More Equity in Family and School Partnerships
According to the National Center for Education Statistics, 24.4 million white students in grades Pre-K through grade 12 are enrolled in school compared to 26.3 million minority students. The growing diversity that we see in our classrooms creates an increased need for states to promote more innovative family engagement strategies integrated into their reform and improvement efforts. We applaud Commissioner Wentzell of Connecticut for creating the Commissioner’s Roundtable for Family Engagement in Education. This is a creative way to engage stakeholders in meaningful dialogue embracing family engagement while promoting equity and excellence.
We are also seeing an increase in the number of leaders who are joining the Family Engagement State Leaders Network. This network is expanding as more state leaders recognize the valuable role of family and school partnerships. This network is led by the American Institutes for Research and builds state education agencies’ capacity to implement and sustain effective family and community engagement initiatives. We can expect to see similar networks at the district and local levels to facilitate the capacity building of leaders to support and scale quality family and community engagement programs.
Greater Advocacy in Support of Federal Education Funding
We can expect to see increased advocacy and support of federal education funding. Federal funds are a critical investment in the future prosperity of our nation. ESSA recognizes that education is the foundation that each child needs to achieve the American dream. Educational budget cuts are in direct conflict of the commitment that Congress has made to our children and stakeholders. Educational advocates will continue to hold politicians accountable to craft a budget that raises defense and non-defense discretionary caps. In the Make America Secure and Prosperous Appropriations Act (HR 3354), educational advocates were successful in getting Congress to include an amendment to support funding for Statewide Family Engagement Centers. Advocates have already started reaching out to Congress about their continued support to fund Statewide Family Engagement Centers at $10 million in FY 2018.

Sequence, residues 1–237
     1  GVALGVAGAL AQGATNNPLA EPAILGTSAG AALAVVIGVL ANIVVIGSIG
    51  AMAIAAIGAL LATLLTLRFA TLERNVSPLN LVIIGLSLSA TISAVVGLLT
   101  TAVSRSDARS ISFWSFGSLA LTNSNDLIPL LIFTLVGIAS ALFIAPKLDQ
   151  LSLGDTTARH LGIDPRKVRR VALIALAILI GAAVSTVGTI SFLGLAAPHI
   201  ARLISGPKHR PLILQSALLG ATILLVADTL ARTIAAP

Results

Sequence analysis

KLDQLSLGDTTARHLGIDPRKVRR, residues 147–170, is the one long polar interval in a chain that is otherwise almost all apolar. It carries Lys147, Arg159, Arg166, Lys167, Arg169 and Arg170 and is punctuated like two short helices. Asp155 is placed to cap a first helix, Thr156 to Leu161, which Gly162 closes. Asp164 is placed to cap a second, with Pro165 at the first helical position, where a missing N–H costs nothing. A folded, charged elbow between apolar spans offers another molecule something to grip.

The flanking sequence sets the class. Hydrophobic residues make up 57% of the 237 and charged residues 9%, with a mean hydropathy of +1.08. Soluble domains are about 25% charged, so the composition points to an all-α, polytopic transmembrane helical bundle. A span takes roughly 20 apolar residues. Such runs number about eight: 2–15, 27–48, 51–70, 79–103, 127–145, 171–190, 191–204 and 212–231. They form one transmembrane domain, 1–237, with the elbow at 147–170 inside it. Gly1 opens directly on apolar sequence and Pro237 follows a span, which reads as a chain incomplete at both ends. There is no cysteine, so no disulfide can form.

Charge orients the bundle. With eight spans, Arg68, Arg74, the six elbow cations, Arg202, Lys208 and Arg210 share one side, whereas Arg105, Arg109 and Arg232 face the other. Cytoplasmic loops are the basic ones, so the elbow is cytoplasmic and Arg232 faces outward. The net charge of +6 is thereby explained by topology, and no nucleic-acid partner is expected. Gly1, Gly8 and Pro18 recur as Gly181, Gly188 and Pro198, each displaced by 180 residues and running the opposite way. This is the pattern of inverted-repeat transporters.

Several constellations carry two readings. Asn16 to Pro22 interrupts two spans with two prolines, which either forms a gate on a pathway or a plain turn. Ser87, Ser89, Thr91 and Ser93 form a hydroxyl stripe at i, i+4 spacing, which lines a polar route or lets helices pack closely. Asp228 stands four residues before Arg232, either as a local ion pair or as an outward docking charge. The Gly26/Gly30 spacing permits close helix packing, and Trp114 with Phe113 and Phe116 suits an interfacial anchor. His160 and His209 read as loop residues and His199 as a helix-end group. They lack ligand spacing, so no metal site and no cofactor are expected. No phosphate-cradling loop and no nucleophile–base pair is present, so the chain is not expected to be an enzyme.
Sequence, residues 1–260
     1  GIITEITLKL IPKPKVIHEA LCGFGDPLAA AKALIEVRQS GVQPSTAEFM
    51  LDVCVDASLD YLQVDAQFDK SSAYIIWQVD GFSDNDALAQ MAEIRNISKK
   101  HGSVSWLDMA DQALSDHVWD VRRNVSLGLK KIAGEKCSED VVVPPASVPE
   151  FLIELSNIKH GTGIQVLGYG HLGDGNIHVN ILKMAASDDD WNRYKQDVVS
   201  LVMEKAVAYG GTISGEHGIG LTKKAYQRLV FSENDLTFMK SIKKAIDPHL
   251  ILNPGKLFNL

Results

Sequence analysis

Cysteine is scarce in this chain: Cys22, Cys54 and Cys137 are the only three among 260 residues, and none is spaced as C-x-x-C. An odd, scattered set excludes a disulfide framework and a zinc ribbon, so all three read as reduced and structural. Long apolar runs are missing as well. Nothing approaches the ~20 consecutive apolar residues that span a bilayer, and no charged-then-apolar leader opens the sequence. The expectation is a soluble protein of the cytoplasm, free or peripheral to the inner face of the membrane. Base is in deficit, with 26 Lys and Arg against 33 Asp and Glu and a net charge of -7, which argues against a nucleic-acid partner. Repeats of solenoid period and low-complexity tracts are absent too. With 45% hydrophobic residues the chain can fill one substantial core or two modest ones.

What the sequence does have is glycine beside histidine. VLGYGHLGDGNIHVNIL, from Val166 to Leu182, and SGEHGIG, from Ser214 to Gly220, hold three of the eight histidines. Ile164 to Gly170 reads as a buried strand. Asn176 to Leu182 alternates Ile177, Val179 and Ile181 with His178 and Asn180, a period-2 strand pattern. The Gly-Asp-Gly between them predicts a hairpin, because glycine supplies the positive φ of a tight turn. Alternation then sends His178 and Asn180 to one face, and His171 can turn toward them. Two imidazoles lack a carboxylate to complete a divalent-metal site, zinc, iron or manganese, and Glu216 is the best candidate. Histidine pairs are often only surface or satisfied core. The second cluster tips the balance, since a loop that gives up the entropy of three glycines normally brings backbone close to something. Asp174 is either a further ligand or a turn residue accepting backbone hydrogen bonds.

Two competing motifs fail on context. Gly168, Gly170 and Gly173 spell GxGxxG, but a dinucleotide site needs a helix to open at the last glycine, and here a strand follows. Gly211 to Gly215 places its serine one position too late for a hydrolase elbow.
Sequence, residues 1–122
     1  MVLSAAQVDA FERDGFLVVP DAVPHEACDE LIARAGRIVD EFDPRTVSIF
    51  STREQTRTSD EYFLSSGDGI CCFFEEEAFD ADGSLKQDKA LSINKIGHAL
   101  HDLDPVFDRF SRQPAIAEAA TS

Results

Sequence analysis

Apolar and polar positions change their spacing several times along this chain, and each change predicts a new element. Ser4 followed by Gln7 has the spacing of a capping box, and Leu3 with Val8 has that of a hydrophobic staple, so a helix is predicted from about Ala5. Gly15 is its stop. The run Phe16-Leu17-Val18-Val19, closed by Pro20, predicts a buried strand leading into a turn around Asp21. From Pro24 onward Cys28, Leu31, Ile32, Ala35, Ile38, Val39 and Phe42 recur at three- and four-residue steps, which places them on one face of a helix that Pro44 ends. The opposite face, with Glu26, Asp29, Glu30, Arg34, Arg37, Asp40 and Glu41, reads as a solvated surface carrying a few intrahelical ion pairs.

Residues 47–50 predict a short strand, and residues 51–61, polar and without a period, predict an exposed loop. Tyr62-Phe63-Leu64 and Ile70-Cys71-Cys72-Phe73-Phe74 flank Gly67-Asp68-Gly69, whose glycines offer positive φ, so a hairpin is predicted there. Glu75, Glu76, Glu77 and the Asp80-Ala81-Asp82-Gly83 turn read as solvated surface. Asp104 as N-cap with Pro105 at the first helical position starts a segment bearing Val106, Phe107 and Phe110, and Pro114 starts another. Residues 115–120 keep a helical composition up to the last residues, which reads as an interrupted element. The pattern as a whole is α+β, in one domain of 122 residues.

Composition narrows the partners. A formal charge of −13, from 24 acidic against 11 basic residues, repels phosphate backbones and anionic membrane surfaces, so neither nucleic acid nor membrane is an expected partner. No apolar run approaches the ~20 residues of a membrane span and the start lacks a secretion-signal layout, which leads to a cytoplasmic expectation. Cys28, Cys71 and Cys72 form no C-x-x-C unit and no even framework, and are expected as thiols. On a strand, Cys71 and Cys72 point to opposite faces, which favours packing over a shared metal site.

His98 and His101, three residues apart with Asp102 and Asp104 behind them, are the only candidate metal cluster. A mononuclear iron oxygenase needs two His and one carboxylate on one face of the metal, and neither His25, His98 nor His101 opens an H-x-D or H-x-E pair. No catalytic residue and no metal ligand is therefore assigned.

These emerging hot topics are definitely going to stay on our radar in 2018 as we see how the family engagement landscape continues to change throughout the year. We are certainly pleased that we are finally seeing family and school partnerships become a valued priority for states and districts. We look forward to collaborating with educational colleagues and stakeholders around the nation as we work passionately and proudly to ensure that we are making a lasting impact on the lives our nation’s schoolchildren.